War ravages Leira and the Song has fallen silent.
Freed from the hold of a slave ship, Birdie, the young Songkeeper, and Ky, a street-wise thief, emerge to a world at war. Hordes of dark soldiers march across Leira, shadowed by whispers of plague and massacres, prompting Ky to return to his besieged home city in hopes of leading his fellow runners to safety.
Desperate to end the fighting, Birdie embarks on a dangerous mission into the heart of the Takhran's fortress. Legend speaks of a mythical spring buried within and the Songkeeper who will one day unleash it to achieve victory. Everyone believes Birdie is the one, but the elusive nature of the Song and rumors of other gifted individuals lead her to doubt her role. Unleashing the spring could defeat the Takhran once and for all, but can she truly be the Songkeeper when the Song no longer answers her call?
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Someone once said that there can be no beauty without pain, or something to that effect. And, in the case of Songkeeper, it holds true. There is much beauty in this book, but there is much pain as well.
-Amos continues to be pretty much my favorite character in the entire book. He's broken, imperfect, struggling- but still brave and determined and unwilling to give up hope. His unwavering protection (sometimes over-protection) of Birdie is sweet, and his interactions with others add a bit of humor to many a dark situation. And we learn more about his history in this book, which is both fascinating and a bit saddening.
-Grundhold would be another of my pretty-much-favorite-characters. I mean, he's a griffin, which means immediate awesomeness. And, like Amos, he's determined to protect Birdie- but he also wants to see her fulfill her destiny. (Surprise, surprise, he and Amos clash a fair bit. It's really fun to read.)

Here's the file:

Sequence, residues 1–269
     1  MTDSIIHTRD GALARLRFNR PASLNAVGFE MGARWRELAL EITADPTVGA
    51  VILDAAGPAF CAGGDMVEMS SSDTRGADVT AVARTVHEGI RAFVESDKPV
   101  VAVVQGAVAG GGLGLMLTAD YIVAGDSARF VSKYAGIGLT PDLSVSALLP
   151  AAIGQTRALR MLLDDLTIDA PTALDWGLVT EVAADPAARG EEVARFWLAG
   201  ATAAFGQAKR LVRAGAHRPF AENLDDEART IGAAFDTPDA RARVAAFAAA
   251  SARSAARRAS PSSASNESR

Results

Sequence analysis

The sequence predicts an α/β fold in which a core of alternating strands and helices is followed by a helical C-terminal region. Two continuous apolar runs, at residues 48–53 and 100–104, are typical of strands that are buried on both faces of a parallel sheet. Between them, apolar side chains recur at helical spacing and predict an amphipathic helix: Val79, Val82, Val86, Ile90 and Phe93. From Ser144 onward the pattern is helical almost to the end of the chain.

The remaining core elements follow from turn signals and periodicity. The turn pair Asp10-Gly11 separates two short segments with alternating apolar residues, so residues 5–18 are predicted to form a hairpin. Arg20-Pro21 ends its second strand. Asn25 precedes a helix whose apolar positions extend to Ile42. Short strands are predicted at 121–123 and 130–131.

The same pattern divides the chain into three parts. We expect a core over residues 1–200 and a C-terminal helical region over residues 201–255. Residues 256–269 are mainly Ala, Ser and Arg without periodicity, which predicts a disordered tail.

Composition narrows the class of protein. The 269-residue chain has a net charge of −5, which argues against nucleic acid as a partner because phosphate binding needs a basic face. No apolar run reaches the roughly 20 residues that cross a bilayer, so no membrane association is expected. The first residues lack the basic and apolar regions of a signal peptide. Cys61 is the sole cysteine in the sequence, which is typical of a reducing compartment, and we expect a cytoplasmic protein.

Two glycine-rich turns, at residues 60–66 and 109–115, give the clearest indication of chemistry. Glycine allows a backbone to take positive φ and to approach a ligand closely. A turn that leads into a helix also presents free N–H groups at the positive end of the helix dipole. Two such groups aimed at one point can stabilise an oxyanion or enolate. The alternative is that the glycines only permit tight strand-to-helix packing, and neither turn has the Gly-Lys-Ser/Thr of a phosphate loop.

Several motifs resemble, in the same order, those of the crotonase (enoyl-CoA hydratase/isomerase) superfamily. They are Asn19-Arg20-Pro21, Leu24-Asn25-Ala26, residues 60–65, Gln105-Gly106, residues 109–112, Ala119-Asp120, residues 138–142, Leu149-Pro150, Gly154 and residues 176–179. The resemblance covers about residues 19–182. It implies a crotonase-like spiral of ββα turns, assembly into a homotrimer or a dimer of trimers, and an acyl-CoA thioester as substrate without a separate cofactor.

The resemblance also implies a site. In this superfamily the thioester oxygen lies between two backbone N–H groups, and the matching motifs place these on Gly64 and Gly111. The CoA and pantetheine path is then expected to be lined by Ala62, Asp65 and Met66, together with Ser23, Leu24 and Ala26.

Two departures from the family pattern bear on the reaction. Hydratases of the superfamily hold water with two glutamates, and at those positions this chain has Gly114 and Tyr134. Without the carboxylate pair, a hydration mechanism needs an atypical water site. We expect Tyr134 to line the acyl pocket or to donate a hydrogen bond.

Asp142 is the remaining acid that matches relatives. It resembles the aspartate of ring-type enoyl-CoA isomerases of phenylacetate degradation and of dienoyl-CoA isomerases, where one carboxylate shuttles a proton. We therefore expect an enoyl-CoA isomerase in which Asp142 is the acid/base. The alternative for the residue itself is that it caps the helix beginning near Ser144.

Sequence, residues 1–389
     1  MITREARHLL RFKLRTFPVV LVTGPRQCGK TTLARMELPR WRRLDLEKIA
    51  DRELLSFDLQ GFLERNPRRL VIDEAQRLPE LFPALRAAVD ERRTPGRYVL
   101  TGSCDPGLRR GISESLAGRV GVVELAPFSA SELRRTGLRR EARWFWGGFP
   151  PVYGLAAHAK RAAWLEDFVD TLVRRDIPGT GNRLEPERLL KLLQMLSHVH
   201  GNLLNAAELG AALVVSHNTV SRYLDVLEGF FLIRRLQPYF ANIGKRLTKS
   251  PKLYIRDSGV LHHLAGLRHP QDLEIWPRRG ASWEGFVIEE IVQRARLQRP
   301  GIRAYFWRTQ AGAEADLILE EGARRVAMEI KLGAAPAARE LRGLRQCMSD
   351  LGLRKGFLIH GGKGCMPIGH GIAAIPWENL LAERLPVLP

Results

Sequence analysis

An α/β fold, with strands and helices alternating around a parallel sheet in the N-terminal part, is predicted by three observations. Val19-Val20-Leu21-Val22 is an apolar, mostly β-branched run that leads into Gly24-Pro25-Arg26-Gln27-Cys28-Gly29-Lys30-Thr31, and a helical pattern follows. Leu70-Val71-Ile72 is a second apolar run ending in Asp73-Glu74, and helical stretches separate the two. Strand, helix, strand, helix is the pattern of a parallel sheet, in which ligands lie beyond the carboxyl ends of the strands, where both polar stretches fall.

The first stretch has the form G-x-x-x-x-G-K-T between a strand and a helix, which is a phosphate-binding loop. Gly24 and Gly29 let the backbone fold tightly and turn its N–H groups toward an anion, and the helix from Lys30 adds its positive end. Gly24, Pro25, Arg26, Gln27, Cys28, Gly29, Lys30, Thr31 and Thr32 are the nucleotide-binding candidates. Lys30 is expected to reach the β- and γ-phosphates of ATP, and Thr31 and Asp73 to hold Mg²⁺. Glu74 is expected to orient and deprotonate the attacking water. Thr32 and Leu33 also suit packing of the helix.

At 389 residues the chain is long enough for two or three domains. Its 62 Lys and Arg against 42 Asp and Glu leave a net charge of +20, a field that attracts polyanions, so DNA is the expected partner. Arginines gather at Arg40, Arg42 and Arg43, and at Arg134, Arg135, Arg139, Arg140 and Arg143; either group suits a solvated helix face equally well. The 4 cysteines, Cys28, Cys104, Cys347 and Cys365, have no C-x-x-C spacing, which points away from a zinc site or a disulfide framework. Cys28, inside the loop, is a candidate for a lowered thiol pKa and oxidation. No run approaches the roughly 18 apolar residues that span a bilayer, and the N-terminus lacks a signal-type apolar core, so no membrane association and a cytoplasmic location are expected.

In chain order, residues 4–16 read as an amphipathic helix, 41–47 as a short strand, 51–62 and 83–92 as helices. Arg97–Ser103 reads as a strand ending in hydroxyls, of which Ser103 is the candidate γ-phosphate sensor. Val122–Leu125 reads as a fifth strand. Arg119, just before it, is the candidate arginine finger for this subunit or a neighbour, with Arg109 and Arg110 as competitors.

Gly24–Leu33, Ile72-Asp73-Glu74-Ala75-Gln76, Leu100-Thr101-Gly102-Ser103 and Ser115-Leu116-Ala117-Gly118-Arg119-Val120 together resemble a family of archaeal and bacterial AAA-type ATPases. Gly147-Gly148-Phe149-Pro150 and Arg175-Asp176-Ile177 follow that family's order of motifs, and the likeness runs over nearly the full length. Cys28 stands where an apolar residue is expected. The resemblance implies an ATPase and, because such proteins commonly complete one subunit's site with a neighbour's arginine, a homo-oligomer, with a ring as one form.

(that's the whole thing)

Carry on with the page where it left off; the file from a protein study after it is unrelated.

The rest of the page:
-Other characters continue to be great as well. Ky most definitely needs a hug or five. Poor boy. But his interactions with Migdon and the members of the Underground are great. Migdon, for his part, is hilarious and devious and just a lot of fun. Cade is still thinking with his emotions instead of his brain half the time, and it drives me a little crazy but mostly it just makes me sad because I like him and he keeps getting in trouble. Sym and Inali are pretty cool too, even if I'm still sorting out my exact feelings on one of them. And Birdie is still uncertain about her future about her future and struggling with how everyone seems to be pushing her one way or another and no one's really giving her answers- but even in the midst of disaster, she doesn't give in. She's strong without being your typical Strong Heroine.
-Riding lions. The desert culture in general is pretty cool- but the lions are the best part. (And it's mentioned that they're not entirely comfortable to ride, which makes sense and just increases the awesomeness of the people who are totally at ease around them.)
-It hits right in the feels. Right. in. the. feels. (SPOILERS- highlight to read: Migdon . . . nooooooo! Why him? That was not ok! And Amos . . . I'm trying to convince myself that since we didn't actually see a dead body, he's still alive, because that's how this works, right? And he's too important to die. Right? (I swear, if Gillian pulls a Cruedwyn with Amos, I will be too upset for words.) And Cade and Aliyah . . . *sniffle* And I should've seen Inali's thing coming. I really should've.- END SPOILERS)
-So, from the cover, I expected that the book would take place primarily in the desert with the Saari . . . but nope. Less than half the book and we head back up north. Granted, two of the Saari are joining us, but it's not the same. Maybe the next book will be better in that respect.
-Certain scenes near the end are a bit dark. And grim. And verging-on-nightmarish if you think about them too much. There isn't a ton of description, so it's still ok, but it could be a touch disturbing for younger readers, in my personal opinion.
-(SPOILER- highlight to read: So Inali's betrayal . . . I should've seen it coming because it was basically the same arc as we had with George in the last book. Y'know. Birdie likes him, Amos distrusts him, he seems like a nice guy and then he turns them in to the Takhran . . . - END SPOILER)
Overall, Songkeeper is an excellent sequel to Orphan's Song. If you're looking for a short, fun read that's still exciting and meaningful, definitely check out both this and the previous book in the series. As for me, I'll be eagerly awaiting Book 3.
Thanks for reading! Now, go check out Songkeeper!
-Sarah (Leilani Sunblade)